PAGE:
Papanui was also just third-best on quality points, but had the best combination to beat eventual runner-up Young by 0.545pts.

The winner had been just starting to emerge in competition shearing at the time of the 2023 Golden Shears, when he was fifth in the Intermediate final, and this season had had just one win, at the Central Hawke’s Bay A and P Show in November.

Junior shearer learned from the Master

Napier shearer Kaivah Cooper’s decision to drop out of school four years ago at age 16 might have seemed not the best of life-choices, but he wasn’t going anywhere, other than to the top.

After four years of tertiary education in the woolshed, mentored by 2017 World champion and four-times Golden Shears Open champion John Kirkpatrick, he claimed the ultimate reward – a Golden Shears Junior shearing title.

Cooper had been in near unbeatable form and won at Taumarunui, Apiti and Pahiatua on successive days in the last weekend before the shears.

A former Napier Boys’ High School pupil, Cooper sheared his five sheep in 7m 37.755s to be first off the board and won the title by 1.663pts from runner-up and Hunterville shearer Orlando Ratima. The first five were North Island shearers, all beating top South Island contender Jet Schimanski, of Gore.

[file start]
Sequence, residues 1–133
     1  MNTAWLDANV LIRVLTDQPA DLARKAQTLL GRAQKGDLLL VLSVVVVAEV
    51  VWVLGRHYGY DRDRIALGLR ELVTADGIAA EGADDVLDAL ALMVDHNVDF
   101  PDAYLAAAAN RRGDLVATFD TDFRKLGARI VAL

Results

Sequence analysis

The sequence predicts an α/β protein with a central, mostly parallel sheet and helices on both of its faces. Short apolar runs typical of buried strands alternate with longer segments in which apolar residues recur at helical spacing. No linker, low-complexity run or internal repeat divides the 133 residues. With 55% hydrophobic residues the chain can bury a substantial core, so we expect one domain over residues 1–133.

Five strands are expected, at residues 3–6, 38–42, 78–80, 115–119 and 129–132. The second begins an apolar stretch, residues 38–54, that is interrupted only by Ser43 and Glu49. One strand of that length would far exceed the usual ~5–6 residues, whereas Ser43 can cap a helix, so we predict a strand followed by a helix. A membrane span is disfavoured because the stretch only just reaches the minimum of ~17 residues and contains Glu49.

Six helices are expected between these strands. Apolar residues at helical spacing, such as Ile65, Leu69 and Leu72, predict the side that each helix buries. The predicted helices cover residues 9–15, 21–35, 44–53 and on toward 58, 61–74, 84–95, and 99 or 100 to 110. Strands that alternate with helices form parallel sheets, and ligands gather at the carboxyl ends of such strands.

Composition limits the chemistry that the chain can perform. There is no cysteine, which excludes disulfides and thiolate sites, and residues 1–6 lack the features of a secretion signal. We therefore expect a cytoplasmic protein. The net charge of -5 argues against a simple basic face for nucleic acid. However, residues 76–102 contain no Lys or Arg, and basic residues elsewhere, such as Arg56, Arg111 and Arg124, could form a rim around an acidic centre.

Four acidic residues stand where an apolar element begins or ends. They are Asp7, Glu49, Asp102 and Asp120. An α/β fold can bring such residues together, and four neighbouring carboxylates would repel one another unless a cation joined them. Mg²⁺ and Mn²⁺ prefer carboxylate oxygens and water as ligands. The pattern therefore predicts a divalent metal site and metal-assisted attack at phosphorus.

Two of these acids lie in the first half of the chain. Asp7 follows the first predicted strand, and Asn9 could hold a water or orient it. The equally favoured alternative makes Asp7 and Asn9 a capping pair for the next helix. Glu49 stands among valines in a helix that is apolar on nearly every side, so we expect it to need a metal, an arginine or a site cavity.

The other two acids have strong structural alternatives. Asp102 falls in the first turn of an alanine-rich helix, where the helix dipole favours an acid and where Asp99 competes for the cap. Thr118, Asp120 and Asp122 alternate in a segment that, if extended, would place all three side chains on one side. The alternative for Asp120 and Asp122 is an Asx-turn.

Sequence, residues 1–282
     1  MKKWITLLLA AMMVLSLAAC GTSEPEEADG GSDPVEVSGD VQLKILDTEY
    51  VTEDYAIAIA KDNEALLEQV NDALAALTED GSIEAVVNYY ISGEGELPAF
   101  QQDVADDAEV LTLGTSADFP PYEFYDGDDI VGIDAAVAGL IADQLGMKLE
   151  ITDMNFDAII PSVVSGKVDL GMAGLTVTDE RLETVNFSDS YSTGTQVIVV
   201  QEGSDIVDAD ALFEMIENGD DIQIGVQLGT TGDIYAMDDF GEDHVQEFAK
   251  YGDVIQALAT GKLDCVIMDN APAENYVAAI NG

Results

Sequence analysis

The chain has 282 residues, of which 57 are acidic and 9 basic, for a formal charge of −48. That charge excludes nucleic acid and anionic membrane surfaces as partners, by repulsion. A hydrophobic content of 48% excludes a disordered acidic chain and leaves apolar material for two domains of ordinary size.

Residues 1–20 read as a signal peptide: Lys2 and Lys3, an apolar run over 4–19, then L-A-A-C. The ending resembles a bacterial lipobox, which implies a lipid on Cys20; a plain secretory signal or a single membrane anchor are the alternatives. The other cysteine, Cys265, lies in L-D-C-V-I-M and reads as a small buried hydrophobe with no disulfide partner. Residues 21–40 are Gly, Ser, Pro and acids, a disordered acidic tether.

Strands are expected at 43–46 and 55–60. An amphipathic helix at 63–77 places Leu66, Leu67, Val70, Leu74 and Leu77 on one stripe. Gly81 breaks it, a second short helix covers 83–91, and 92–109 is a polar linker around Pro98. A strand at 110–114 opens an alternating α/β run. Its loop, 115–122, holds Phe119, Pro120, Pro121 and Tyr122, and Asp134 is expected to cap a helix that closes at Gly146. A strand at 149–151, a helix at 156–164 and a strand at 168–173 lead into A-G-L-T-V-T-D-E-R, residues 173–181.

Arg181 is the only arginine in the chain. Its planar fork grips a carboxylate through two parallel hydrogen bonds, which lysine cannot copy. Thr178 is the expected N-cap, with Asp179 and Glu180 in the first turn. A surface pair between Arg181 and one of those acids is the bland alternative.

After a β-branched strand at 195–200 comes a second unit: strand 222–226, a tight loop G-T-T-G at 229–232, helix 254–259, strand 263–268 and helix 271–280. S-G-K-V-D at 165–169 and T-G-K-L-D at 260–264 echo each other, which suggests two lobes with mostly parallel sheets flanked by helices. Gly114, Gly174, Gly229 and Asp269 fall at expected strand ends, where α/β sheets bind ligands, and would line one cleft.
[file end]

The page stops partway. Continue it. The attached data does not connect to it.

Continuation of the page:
The Junior woolhandling title was won by Lucy Elers, from Mataura and who had already won three major titles in the South Island this year, at Lumsden (longwool), Winton (lambs) and Gore (second-shear).

Earlier in the championships Ashlin Swann, of Wairoa, won the Novice shearing final, and Keisha Reiri, from Masterton but based in Piopio, won the Novice woolhandling title.

Laura Bradley, of Papatawa, near Woodville, was a surprise elimination from the Senior shearing, in the heats, but bounced back to win the Women’s shearing event, becoming the first to hold the New Zealand Shears and Golden Shears women’s titles simultaneously.

© Scoop Media

Advertisement - scroll to continue reading
Culture Headlines | Health Headlines | Education Headlines



  • Wellington
  • Christchurch
  • Auckland

Join Our Free Newsletter

Subscribe to Scoop’s 'The Catch Up' our free weekly newsletter sent to your inbox every Monday with stories from across our network.